Friday, June 21, 2019
The bulk of the campsites along the Border Route Trail are in the Boundary Waters Canoe Area Wilderness (BWCAW). There aren’t many between the Western Terminus, near the popular Magnetic Rock formation, and the western end of the BWCAW.
Our original plan for the day had been to hike from Sock Lake to the westernmost campsite, which would leave us 12.2 miles to hike on Saturday to finish up the trail. After seeing how challenging the trail was, I realized we needed to camp much closer to the terminus – say, 6 miles – because I needed to be heading home by noon at the latest on Saturday.
Hikers are allowed to camp anywhere along the trail outside the BWCAW. The problem is that there is so much undergrowth, it’s difficult to find a place to put up a tent or hang a hammock. But we figured we’d have to be able to find something in 12.2 miles. And if not, we’d have to hike out. That would be a lot of mileage for one day, but at least today is the summer solstice, so we’d have plenty of light.
Is Magnetic Rock in our future today?
We headed out in the morning and immediately faced more gnarly trail. Ugh. Many of the sections here were so overgrown, the vegetation kept snagging our trekking poles. Some of it was just ugly. Luckily, we hit Bridal Falls.
Bridal Falls is a series of waterfalls cascading over a long, rocky ledge. The guys didn’t have the energy to explore the waterfalls, as they required a downhill hike of about a half-mile, and then an uphill hike back out. But I went down and am glad I did. After all, it’s the views that make up for the trail’s challenges!
Things got tough again after that, but then we had a fun surprise. After bashing through vegetation for a long time, we popped out by Loon Lake and found two wooden chairs set out lakeside! Keith and I plopped in them, while Tom sat on a rock in the water. It was here the guys decided to bail.
They had no compulsion to hike the entire trail. I did, since I’m section-hiking the North Country Trail. We hastily decided to split up there. The guys would take a spur trail to a lodge and stay there tonight. I’d push on and camp somewhere close to the trailhead.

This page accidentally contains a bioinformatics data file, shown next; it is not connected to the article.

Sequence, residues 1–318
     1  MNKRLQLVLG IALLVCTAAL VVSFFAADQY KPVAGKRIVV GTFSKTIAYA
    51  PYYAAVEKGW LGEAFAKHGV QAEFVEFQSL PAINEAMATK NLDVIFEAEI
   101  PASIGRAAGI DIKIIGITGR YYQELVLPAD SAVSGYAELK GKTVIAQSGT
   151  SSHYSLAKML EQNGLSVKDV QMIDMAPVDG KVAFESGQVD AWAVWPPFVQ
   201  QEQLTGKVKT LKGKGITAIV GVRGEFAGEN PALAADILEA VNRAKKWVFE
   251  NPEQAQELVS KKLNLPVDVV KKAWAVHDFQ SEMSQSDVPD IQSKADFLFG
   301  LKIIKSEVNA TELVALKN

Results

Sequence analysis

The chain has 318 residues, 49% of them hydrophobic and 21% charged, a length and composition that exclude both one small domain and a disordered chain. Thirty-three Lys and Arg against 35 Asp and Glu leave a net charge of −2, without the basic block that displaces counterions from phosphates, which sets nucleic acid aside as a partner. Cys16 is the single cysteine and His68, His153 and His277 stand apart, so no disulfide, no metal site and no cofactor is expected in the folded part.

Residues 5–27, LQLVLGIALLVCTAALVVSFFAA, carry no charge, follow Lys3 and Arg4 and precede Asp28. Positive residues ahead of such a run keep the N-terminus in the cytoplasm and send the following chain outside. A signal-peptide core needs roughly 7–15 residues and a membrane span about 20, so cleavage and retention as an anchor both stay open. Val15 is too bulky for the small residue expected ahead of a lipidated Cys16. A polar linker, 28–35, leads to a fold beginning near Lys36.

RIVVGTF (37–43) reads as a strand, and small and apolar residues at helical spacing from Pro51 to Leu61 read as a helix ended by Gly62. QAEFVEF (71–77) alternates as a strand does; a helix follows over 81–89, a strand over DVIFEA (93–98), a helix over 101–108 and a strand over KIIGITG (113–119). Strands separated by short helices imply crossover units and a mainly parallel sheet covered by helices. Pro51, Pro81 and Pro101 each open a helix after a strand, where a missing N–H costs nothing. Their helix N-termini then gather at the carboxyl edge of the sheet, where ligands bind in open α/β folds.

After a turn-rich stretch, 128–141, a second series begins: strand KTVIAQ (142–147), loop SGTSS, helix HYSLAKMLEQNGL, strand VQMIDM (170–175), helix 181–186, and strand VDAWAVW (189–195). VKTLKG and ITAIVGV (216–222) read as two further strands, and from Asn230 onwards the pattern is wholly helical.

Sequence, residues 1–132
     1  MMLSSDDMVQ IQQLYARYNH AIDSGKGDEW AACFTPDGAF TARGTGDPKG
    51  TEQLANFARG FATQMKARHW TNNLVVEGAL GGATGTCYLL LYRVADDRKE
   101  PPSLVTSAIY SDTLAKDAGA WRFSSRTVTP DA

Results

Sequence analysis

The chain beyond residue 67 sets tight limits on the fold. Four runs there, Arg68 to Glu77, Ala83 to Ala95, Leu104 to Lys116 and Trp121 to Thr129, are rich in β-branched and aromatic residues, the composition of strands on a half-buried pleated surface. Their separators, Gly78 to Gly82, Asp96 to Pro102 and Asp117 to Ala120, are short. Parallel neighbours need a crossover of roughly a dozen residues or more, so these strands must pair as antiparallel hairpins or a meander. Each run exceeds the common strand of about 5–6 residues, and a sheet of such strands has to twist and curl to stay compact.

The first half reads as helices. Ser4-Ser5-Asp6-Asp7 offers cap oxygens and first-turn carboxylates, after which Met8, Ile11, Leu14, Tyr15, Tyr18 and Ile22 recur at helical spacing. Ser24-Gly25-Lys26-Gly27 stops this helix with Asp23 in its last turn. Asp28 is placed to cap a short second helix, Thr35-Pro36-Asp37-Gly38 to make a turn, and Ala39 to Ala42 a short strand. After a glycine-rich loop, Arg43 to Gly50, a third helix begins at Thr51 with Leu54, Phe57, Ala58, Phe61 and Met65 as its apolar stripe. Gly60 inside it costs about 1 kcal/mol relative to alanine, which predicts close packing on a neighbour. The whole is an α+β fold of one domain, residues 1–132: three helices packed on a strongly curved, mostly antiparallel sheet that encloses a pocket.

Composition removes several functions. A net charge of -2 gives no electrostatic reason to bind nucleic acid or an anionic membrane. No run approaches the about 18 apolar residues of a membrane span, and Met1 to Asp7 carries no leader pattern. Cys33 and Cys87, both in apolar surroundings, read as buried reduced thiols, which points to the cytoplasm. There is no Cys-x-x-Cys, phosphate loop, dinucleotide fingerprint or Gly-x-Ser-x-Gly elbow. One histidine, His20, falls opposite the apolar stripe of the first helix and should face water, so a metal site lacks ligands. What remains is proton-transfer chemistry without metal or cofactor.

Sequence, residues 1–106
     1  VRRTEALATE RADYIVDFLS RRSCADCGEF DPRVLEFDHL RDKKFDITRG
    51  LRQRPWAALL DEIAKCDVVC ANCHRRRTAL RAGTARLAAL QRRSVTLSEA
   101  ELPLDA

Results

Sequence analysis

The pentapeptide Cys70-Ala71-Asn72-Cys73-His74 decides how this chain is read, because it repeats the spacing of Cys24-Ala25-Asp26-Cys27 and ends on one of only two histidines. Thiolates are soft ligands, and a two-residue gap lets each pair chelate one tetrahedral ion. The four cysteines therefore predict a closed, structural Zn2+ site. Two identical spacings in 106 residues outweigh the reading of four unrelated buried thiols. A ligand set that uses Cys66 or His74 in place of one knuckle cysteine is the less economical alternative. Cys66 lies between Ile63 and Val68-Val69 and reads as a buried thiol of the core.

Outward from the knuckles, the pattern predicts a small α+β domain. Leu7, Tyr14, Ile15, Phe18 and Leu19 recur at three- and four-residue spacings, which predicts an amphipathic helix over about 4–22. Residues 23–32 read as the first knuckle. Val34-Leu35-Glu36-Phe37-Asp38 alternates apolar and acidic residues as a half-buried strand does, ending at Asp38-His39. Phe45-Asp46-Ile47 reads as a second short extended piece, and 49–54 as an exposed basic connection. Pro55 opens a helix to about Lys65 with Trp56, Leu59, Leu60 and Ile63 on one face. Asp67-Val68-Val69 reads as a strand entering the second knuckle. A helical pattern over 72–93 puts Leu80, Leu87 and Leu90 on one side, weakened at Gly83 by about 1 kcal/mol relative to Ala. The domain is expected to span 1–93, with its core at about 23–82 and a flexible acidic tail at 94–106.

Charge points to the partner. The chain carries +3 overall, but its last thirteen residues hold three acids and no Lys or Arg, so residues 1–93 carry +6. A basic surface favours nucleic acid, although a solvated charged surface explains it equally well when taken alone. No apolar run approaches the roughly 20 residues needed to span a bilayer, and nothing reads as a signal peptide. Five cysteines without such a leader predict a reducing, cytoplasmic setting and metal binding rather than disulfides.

Searching for a campsite
Shortly after I left the guys, the trail rolled out of the BWCAW and joined some ski trails built by the lodges. For a while I had some easy walking on wide, grassy paths. There were some confusing markings with all of these new, intersecting trails, but I didn’t get lost. I found one overview that would have been good for camping, but it was some 7 miles away from the terminus, and that was a little too far.
After that, there was nowhere to camp. There was nothing. Nada. Zilch. Zero. I had to press on to Magnetic Rock and then the terminus and camp by my car. My feet were killing me and I was exhausted, so I hiked slowly. I knew I had daylight until 9 or 10 p.m.
I went through a stretch with really dense vegetation, then a section where I hiked a lot on the tops of rocky outcrops. Finally, I saw a signpost for Magnetic Rock. Yes!
Imagine my surprise, and joy, when I saw Keith and Tom sitting on a big rock here! The guys had enjoyed a beer, checked out a lodge and asked if there were any camping spots around. Then they bought me a Snickers bar and a beer (and ice!) and hiked in to wait for me. Even though they didn’t know if I’d show up or not!
I drank the beer, checked out Magnetic Rock (which didn’t seem too magnetic) and then the three of us hiked out. We checked out this campsite someone recommended – a spot some man had built for himself years ago – but decided to see if we could stay at Gunflint Lodge instead.
The lodge had large cottages for about $400/night (no!), tiny bunkhouses for $18 (no!) and these cute, roomy cottages that slept five for $150/night (yes!). So we all got to shower, enjoy a nice burger and some wine, then hit the hay.
This hike was hard, but worthwhile.
BRT/MN NCT miles today: 19.7
Total BRT miles: 68.7*
Total BRT miles to go: 0!
MN NCT miles to date: 389.4
Total NCT miles to date: 675.1
Total NCT miles to go: 3,924.9
*This is more than 65 miles because it includes spur trails to/from camping sites.